Stamford Advocate

Outbreaks in schools force early reversals on in-person learning


A few weeks into the new school year, growing numbers of U.S. districts have halted in-person learning or switched to hybrid models because of rapidly mounting coronaviru­s infections.

More than 80 school districts or charter networks have closed or delayed in-person classes for at least one entire school in more than a dozen states. Others have sent home whole grade levels or asked half their students to stay home on hybrid schedules.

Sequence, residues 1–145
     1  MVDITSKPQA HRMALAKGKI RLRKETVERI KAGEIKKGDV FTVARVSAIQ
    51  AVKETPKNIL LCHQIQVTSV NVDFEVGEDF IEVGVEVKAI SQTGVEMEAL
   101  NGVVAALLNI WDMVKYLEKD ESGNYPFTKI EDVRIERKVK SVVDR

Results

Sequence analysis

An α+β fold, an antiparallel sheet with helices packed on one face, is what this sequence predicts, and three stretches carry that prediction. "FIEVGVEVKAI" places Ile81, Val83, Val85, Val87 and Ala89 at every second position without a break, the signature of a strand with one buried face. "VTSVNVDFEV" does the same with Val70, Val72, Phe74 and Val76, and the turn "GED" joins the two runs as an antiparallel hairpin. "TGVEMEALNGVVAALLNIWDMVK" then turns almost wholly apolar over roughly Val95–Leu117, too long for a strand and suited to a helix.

In Georgia, where in-person classes are on hold in more than 20 districts that started the school year without mask requiremen­ts, some superinten­dents say the virus appeared to be spreading in schools before they sent students home.

“We just couldn’t manage it with that much staff out, having to cover classes and the spread so rapid,” said Eddie Morris, superinten­dent of the 1,050-student Johnson County district in Georgia. With 40 percent of students in quarantine or isolation, the district shifted last week to online instructio­n until Sept. 13.

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